The Wolverine


The Wolverine: Covering University of Michigan Football and Sports

Issue link:

Contents of this Issue


Page 8 of 59

MAY 2020 THE WOLVERINE 9   INSIDE MICHIGAN ATHLETICS Michigan basketball assistant coach Saddi Washington had an opportunity to take the head coaching job at West- ern Michigan, his alma mater, in the offseason. He chose to stay on as Ju- wan Howard's assistant coach instead. Washington talked about that and more in this Q&A: The Wolverine: How was the transition for you, working for Juwan Howard after he chose to keep you on staff? Saddi Washington: "With Juwan, what you see is what you get, and that's one thing I really appreciate about Coach, just his consis- tency and his personal- ity, who he is as a per- son. It was great to be able to stay on and work for him this season, really watch him up close, kind of go through this thing together." The Wolverine: These have been tough times for everyone, obviously, dealing with coronavirus and quaran- tine. How have you adapted? Saddi Washington: "We're doing what we do in the offices this time of year, we're just doing it mobile. Obviously, first and foremost, we're checking in with our guys pretty frequently, because academically there are still requirements they need to meet from that standpoint. So that's priority one — making sure guys have found a flow from that perspective. " Then, we're doing as much as we can re- cruiting-wise over the phone. That's pretty much what we're lim- ited to at this point." T h e W o l v e r i n e : How have the play- ers adapted to their "new normal" of online classes and social dis- tancing? Washington: "It's a new space for them. We're just mak- ing sure they cross the finish line from an academic standpoint. Most of them have gone home, but a handful have stayed in their Ann Arbor apartments. [Freshman] Franz [Wagner] is with his brother [former Wolverine Moritz Wag- ner] in Washington, D.C. "They're used to moving around at their own pace. Coming and going at their parents' house isn't the same as coming and going in their apartment, but that lends to them being stir crazy, as well, probably, not really knowing what to do with their time." The Wolverine: What advice are you giving junior Isaiah Livers on his NBA Draft hopes, and how does this situation affect his chances of being selected? Washington: "For everybody, I think this process again is the great unknown, because the priority for the NBA right now is to get games back started. I think the tone for them is obviously every- thing gets pushed back, but to how long? And then what does that do for all the kids who aspire to either go through the process or make the jump? What does that do for them at school? "This is space nobody has ever been through. We're all going to find out to- gether how it's going to work this year." The Wolverine: What did it take for you to turn down the head coaching job at your alma mater, Western Michigan, to stay in Ann Arbor? Washington: "I've been pretty consis- tent in how I approach it, not really talk- ing about the 'why' — but it's Michigan." — Chris Balas Washington turned down a chance to become the head coach at his alma mater, Western Michigan, this offseason to stay at Michigan. PHOTO BY BRANDON BROWN Wide Receivers Are Head And Shoulders Above The Rest By Chris Balas Michigan has depth at a number of positions, including run- ning back and linebacker, but only one position has top-end talent and outstanding depth — and that's the wide receivers. Senior Nico Collins provided a shot in the arm when he chose to return, a big wide receiver who averaged an impres- sive 19.7 yards per reception last year. He notched multiple catches in every game but one, a one-reception game in a soaker against Notre Dame, and was the most sure-handed of the bunch. Having junior Ronnie Bell on the other side of him — quar- terback Shea Patterson's favorite target a year ago — gives U-M a duo that should be much more productive than a year ago. Five-star Donovan Peoples-Jones never lived up to the hype, while Bell has exceeded most expectations. He had his share of drops but still led the corps with 48 receptions and 758 yards to earn Offensive Skill Player of the Year honors. Add sophomore slot weapons Giles Jackson and Mike Sain- ristil, and big target Cornelius Johnson to the mix, and you get one of the Big Ten's best receiving corps. Depth, Past Production Make Running Backs The Strongest By Austin Fox The primary reason running back will be Michigan's stron- gest position unit in 2020 is because it not only returns two quality co-starters in sophomore Zach Charbonnet and red- shirt sophomore Hassan Haskins, but also proven depth in the form of fifth-year senior Chris Evans. Charbonnet ran for 726 yards and a U-M freshman-record 11 touchdowns last season, while Haskins provided an unex- pected boost by transitioning from linebacker and chipping in 622 yards and four rushing scores of his own. The duo will be expected to be the primary ball carriers once again, though the shiftiness and past production Evans possesses (he ran for 1,722 yards during his first three years at Michigan before being suspended for the 2019 campaign) will land him a role in the backfield as well. Blazing speed and a head start on the playbook as an early enrollee should be two factors that allow Blake Corum to see the field as a freshman, rounding out a backfield that will be the deepest and most talented head coach Jim Harbaugh has had yet at Michigan. POINT ❙ COUNTERPOINT WHAT IS THE STRONGEST POSITION GROUP ON MICHIGAN'S ROSTER HEADING INTO 2020? Sitting Down With Assistant Basketball Coach Saddi Washington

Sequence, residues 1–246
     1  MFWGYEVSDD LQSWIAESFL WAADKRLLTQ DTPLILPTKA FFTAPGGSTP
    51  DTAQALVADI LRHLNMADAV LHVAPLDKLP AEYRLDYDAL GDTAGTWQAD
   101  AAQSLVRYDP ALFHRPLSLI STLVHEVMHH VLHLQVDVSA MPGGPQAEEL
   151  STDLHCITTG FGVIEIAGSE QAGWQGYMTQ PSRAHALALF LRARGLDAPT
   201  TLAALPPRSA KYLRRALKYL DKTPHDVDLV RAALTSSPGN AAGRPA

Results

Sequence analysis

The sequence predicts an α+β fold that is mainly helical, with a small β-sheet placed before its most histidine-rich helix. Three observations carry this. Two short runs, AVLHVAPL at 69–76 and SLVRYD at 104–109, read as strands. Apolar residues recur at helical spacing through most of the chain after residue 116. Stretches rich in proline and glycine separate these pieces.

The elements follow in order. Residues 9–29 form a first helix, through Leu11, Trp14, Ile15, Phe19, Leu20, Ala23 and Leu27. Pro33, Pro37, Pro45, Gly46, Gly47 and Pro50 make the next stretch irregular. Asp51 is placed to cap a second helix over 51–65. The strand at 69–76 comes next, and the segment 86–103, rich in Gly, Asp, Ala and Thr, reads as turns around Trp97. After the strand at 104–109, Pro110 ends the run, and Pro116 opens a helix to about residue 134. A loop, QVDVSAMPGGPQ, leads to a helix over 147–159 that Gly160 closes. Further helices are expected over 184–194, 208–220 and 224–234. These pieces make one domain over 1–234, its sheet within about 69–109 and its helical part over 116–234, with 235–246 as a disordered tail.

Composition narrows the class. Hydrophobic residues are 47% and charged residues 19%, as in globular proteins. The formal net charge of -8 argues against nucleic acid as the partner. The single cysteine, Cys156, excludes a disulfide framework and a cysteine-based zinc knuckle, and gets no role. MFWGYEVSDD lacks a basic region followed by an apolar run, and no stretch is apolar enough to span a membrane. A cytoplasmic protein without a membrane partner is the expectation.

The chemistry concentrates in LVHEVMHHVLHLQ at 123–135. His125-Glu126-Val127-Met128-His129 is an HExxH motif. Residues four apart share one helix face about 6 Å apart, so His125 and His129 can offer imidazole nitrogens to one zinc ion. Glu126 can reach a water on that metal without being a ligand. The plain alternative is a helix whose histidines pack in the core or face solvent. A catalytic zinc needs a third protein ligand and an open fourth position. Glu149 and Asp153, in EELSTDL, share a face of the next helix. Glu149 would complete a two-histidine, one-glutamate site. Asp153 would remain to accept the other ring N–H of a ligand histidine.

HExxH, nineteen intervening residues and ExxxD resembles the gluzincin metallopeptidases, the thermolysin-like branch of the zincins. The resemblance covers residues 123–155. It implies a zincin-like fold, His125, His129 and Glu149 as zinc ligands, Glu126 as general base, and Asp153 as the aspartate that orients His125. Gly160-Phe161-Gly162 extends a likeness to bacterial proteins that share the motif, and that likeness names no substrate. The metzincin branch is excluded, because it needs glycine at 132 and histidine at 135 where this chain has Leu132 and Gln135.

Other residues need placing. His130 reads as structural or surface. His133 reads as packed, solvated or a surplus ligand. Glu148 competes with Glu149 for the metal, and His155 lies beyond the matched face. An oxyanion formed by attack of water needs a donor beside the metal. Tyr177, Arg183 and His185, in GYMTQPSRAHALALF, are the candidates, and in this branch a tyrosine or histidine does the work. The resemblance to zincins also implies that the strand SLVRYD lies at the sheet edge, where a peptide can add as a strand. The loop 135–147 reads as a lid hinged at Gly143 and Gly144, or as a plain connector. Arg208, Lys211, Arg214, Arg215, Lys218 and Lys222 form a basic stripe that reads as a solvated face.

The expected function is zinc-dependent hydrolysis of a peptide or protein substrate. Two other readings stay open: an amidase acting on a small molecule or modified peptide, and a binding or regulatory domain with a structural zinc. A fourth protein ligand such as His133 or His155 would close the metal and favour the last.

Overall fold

Articles in this issue

Archives of this issue

view archives of The Wolverine - May2020-issue